So instead Oscar stayed at home with Dan and I jogged around the course with Laura, who I hadn’t run with in a little while so we had a catch up and an easy run round.

Laura and I at the Kettering Christmas parkrunI have this massive fear that one day on the Kettering course I’m going to slip and fall over on the boardwalk and then slide out under the barriers and into the water below!  Hopefully this won’t ever become a reality!

Official time: 31:46
Position: 269/432
Gender position: 75/187
Category position: 5/16

The club Christmas Eve run was different this year.  A couple of friends I normally run with couldn’t make it this year and I had worked a night shift on the Sunday (the night before), so rushed home at the end of my shift to sneak a quick hour of sleep in before heading over for the run.  I then ended up arriving late and missing the start anyway.

I had a lovely run with a friend and her husband who I managed to catch sight of as Dan dropped me off at the park, but I missed the annual pre-run photo and missed seeing a lot of people before they left for Christmas which was a shame.

Dan met us at the end of the run and Oscar was in a foul mood after a poor night of sleep.  It had taken Dan the length of my entire run to get Oscar to walk not quite as far as the cafe entrance and then we had a battle to get him into his car seat for home again afterwards.  It took approximately half an hour to convince him to stay in his car seat long enough to be buckled in for the journey home!  Not a battle we had planned on facing on Christmas Eve morning!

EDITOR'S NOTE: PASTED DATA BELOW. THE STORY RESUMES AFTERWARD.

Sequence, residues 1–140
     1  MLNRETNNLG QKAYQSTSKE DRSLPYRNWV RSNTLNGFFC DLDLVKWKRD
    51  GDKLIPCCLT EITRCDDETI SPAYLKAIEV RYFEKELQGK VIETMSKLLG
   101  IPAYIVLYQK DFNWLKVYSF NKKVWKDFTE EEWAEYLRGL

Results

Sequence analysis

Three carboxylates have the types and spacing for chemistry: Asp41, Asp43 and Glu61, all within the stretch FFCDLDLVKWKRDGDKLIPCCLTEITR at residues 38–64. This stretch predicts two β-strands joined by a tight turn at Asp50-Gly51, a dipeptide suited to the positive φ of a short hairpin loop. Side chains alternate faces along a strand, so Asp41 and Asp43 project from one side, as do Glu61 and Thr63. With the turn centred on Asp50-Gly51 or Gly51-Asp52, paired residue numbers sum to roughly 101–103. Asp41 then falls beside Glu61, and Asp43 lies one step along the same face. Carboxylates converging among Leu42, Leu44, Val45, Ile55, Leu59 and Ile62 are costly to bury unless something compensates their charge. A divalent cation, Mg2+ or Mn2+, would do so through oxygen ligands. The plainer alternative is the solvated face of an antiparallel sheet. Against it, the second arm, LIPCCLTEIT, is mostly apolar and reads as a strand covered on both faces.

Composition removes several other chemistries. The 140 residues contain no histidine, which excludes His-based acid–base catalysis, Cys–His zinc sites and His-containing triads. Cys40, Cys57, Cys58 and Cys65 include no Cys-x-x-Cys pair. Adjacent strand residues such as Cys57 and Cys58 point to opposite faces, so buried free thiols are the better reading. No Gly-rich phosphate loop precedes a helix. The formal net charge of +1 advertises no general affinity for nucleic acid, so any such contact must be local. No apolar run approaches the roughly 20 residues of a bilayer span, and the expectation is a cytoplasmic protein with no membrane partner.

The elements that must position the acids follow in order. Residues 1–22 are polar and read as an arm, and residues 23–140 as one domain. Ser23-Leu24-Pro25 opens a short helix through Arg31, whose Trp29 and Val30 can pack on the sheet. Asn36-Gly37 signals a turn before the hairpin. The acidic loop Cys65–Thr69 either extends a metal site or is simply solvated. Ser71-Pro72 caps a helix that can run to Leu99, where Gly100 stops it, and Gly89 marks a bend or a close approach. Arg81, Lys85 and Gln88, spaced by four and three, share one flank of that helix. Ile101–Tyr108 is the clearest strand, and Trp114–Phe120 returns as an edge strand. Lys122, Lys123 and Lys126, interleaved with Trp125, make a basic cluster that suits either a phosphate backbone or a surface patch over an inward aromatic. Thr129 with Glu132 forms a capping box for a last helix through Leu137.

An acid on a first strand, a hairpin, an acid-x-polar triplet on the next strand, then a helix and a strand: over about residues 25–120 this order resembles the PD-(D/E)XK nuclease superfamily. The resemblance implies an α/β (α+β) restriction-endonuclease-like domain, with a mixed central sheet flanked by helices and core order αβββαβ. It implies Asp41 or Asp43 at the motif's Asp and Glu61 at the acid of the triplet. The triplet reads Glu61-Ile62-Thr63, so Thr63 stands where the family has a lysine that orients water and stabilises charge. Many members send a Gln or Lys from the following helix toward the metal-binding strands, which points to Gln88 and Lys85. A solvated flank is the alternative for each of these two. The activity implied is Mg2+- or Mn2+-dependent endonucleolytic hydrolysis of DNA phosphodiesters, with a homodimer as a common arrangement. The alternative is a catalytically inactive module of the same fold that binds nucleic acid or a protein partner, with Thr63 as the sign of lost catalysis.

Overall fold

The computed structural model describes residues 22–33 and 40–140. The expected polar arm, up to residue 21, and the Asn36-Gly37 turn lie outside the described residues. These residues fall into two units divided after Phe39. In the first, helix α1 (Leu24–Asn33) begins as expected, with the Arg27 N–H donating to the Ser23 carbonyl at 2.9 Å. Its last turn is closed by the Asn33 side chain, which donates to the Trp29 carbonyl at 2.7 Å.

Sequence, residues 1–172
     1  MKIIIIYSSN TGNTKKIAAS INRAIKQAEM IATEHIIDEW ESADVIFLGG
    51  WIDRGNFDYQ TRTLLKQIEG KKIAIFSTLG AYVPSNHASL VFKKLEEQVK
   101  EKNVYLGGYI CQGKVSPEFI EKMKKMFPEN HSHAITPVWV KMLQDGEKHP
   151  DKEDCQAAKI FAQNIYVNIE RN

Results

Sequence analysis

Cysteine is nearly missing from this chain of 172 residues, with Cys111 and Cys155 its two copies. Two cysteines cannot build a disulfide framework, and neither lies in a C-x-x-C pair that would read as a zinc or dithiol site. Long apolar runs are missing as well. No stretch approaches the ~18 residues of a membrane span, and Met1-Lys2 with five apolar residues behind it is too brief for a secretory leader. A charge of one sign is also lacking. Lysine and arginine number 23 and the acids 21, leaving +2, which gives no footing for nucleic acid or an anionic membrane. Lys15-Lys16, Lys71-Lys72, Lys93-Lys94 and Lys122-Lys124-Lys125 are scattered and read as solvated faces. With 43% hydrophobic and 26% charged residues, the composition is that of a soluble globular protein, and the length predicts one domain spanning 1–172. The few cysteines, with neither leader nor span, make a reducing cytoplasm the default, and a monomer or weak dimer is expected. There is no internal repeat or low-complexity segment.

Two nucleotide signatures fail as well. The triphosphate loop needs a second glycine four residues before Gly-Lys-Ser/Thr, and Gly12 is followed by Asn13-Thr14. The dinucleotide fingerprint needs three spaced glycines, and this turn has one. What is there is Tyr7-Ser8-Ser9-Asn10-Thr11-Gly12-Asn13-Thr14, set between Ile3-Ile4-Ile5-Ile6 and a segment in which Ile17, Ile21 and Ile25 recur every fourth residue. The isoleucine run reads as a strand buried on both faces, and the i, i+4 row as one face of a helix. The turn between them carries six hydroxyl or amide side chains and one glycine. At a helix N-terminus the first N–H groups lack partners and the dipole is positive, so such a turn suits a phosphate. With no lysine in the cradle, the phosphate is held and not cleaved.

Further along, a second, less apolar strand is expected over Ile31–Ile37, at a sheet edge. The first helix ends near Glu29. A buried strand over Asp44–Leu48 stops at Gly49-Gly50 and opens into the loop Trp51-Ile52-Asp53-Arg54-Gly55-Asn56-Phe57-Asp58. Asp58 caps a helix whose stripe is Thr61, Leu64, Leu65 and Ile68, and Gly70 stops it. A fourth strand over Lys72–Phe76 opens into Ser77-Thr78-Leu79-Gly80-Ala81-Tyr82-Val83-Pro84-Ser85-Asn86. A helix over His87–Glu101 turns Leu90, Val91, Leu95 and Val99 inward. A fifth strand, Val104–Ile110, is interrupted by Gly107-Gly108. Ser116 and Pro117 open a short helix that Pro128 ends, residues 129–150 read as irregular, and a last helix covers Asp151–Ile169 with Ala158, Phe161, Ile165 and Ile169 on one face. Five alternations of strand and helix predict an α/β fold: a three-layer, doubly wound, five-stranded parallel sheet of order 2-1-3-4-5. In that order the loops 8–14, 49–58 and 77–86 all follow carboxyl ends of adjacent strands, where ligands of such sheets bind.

So frustratingly, the parkrun Dan and I had planned to attend on Christmas Day (Sheringham) had been cancelled a few days earlier.  National Trust had decided that due to the heavy rainfall in the area that week, they wanted to give the ground a little time to recover between runs.  The Sheringham event is fairly close to where my Dad lives…ten minutes away.  (Why oh why was parkrun not a thing when I lived at home?!)  The next nearest event that was being held on Christmas Day was in Norwich, nearly an hour’s drive from my Dad’s house and in the complete opposite direction to where my Aunt lives (Kings Lynn) who we had promised to pick up mid-morning and bring back to my Dad’s for lunch.  So a Christmas Day parkrun was sadly off the cards this year.

Did you take part in any Christmassy runs this year?
Does your parkrun ever get cancelled due to the weather?
Any tips for reasoning with a stroppy two year old to convince them to get into their car seat?!  Haha!